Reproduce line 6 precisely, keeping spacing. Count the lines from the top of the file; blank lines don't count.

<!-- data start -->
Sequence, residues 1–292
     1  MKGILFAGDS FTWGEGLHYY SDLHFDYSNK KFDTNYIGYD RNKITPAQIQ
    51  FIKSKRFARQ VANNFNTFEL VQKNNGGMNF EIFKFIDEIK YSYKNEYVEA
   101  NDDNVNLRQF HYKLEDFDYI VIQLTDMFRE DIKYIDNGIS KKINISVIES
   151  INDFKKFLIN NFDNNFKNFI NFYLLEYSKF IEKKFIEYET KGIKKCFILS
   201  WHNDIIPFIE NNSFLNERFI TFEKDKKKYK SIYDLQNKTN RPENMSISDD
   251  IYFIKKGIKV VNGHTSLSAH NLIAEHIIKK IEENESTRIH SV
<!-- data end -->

   201  WHNDIIPFIE NNSFLNERFI TFEKDKKKYK SIYDLQNKTN RPENMSISDD